An Interview with Catherine Strode
Rob Schware co-founded the Give Back Yoga Foundation in 2007 with his yoga teacher Beryl Bender Birch. Formerly a Senior Portfolio Manager for the World Bank, he wanted to “give back” to the yoga instructors he had worked with over the years. Now entering its second decade, the Foundation provides yoga programs for: addiction and substance recovery, eating disorders, post-traumatic stress, cancer survivors, underserved populations, and for the incarcerated.
In an interview with Catherine Strode, Rob Schware says his vision has been to take yoga “off the mat” and out of the yoga studios. It is his belief that yoga can be used as a cost effective intervention for social problems nationwide.
What is the work of the Give Back Yoga Foundation?
“Our mission is to support certified yoga teachers of all traditions who want to bring the teachings of yoga to underserved and under resourced socioeconomic segments of their community. Through this work we aim to inspire grassroots social change. The Foundation started in 2007 and we are now the world’s gateway for yoga service and a kick-starter for yoga service projects of all types and sizes. We also have five programs that we support at a deeper level. One is called “Eat, Breathe,Thrive” which is for individuals with eating disorders and have a negative body image. Another is Mindful Yoga Therapy, which helps veterans to calm their body and mind with training and books on yoga and mindfulness practices. There is another, Y12SR, which shares holistic tools for addiction recovery and relapse prevention. A fourth program is the Prison Yoga Project, which teaches incarcerated men and women impulse control and to reduce anxiety and aggression. Our last program is designed to help cancer survivors through the practices of yoga.”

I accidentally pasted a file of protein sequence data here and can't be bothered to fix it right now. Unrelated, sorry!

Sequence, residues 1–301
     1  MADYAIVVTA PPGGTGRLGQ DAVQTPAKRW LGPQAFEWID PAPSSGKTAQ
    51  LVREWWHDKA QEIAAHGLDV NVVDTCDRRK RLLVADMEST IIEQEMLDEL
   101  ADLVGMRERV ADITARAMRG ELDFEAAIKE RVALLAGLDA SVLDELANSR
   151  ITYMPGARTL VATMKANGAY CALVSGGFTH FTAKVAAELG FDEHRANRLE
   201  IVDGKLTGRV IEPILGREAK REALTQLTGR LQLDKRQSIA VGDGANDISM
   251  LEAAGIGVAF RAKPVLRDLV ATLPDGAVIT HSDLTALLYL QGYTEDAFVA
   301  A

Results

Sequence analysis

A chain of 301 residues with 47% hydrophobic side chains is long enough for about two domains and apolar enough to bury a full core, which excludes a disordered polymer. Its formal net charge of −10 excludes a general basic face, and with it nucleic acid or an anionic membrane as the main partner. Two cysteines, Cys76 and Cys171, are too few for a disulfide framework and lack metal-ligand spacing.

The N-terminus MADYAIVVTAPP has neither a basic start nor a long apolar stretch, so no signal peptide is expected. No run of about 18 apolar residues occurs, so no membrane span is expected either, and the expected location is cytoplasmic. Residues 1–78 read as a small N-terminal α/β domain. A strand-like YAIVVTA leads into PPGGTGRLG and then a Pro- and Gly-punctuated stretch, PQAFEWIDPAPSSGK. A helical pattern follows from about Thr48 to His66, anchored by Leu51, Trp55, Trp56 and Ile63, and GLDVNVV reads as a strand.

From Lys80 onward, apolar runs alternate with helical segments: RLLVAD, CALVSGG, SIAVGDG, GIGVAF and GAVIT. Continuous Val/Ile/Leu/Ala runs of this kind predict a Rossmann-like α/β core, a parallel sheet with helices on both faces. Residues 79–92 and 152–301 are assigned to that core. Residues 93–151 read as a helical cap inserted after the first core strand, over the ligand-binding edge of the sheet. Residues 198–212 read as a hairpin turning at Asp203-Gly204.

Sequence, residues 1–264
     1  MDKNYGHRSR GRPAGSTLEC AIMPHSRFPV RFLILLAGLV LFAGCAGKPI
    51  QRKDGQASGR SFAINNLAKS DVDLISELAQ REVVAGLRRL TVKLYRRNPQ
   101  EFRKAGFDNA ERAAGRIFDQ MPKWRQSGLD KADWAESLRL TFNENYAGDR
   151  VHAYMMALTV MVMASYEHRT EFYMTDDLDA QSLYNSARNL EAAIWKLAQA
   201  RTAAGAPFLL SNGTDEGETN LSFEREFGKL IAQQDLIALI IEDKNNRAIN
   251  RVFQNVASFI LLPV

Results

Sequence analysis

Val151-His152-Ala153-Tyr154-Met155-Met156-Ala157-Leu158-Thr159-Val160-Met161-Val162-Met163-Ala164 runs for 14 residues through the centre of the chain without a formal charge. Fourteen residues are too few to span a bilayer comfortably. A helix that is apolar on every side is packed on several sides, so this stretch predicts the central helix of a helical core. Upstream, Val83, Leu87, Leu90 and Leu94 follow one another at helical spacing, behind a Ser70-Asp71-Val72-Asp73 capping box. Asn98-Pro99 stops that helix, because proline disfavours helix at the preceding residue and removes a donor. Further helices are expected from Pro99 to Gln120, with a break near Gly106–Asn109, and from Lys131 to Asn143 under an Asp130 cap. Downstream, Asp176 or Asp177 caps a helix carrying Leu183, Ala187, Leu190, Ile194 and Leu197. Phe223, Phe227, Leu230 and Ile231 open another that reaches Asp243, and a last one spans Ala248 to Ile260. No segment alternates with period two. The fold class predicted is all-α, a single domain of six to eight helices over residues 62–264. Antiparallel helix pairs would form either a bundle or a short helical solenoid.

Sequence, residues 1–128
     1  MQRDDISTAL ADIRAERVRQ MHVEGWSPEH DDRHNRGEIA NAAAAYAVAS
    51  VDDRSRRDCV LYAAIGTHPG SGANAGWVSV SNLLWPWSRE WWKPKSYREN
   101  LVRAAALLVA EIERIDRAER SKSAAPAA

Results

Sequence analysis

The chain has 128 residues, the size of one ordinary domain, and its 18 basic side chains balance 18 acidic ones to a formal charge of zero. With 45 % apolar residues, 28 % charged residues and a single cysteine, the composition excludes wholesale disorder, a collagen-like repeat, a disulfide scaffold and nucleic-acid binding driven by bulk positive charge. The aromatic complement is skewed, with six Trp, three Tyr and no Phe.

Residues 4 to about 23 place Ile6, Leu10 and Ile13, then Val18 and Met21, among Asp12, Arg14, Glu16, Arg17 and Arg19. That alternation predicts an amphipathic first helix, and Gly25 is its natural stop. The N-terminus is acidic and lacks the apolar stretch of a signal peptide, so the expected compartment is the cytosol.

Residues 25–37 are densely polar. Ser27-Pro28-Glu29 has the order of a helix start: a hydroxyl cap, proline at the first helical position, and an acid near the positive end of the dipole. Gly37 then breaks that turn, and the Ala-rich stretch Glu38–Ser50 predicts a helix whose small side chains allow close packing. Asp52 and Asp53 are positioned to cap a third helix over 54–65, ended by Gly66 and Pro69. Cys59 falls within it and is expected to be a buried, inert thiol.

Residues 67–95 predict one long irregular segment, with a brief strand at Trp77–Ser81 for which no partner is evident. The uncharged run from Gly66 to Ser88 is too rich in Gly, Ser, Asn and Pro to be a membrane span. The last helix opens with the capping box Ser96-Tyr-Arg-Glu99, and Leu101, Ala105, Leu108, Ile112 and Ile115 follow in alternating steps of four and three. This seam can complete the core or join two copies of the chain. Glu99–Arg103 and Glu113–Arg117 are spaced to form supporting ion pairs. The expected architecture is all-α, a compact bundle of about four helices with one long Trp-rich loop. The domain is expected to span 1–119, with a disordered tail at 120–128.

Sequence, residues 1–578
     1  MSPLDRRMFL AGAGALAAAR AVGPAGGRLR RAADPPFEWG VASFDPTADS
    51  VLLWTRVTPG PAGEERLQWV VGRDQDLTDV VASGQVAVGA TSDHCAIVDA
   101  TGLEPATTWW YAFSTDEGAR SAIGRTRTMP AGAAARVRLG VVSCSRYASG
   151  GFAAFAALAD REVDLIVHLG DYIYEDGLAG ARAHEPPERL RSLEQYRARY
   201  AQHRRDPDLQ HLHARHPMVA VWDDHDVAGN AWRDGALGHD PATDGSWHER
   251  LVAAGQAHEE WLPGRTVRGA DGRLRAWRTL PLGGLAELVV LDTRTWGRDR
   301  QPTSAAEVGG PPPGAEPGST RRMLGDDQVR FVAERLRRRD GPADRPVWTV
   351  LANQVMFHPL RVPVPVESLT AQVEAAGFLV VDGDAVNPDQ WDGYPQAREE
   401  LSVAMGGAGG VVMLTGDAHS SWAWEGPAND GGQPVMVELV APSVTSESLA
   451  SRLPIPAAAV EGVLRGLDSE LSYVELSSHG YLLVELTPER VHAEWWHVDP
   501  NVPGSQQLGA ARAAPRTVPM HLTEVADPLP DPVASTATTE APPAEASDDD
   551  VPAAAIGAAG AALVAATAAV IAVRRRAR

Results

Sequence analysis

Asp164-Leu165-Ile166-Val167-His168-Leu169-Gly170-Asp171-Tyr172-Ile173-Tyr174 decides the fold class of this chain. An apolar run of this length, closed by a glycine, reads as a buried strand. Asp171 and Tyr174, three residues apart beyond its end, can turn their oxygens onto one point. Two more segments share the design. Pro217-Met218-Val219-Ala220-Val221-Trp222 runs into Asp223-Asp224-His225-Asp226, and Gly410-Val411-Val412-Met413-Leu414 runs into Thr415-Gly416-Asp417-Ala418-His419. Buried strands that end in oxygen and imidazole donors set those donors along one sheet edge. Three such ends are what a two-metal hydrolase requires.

What are the mental health benefits of yoga?
“People who have experienced trauma, and particularly people with post-traumatic stress, who practice yoga regularly report better sleep, improved focus and concentration, less anger and irritability, and just a greater overall sense or ability to enjoy life in the present moment. Those to me are the benefits in terms of mental health. Our programs are all either clinically tested or empirically informed. Together they form a comprehensive system that allows the populations we work with to carry on a life of strength and resilience.”
What is the Foundation’s long-term vision of serving vulnerable populations?
“The impulse when we started the Give Back Yoga Foundation was to support yoga teachers who wanted to bring this practice off the mat and out of their yoga studios. Our vision is for tens of thousands of yoga teachers and yoga therapists to bring their knowledge and skills to teach yoga to underserved and vulnerable populations. The body is built to move and it’s continuously both growing and deteriorating. We need to understand motion, and how it works, and movement in all stages of life and for any population. It’s only been in the past 100 years or so that exercise has been viewed as preventative to disease. In the past couple of decades exercise has been thoroughly studied as a proactive healing and life extending potential for people. I think we’re talking about the value of movement over rest and that’s been recognized in research as advantageous for serious diseases like arthritis, asthma, cancer, diabetes. That’s the 30,000 ft view of it. All people need to move. I love the quote by Maya Angelou “Nothing will work unless you do.”
Do you see an evolution in people’s acceptance of yoga as a mainstream therapy?
“There is no doubt in my mind that yoga and mindfulness programs are expanding and slowly becoming mainstreamed. This presents huge opportunity, that comes once in a generation, and yoga instructors need to seize upon it and take their yoga off their mats and into their communities.”
Catherine Strode is Advocacy Denver’s Communications and Policy Specialist. She holds a Masters degree in Public Administration with an emphasis in Health Care Policy. Catherine publishes Policy Perspective, featuring interviews with state policy makers on issues that affect the work and mission of Advocacy Denver.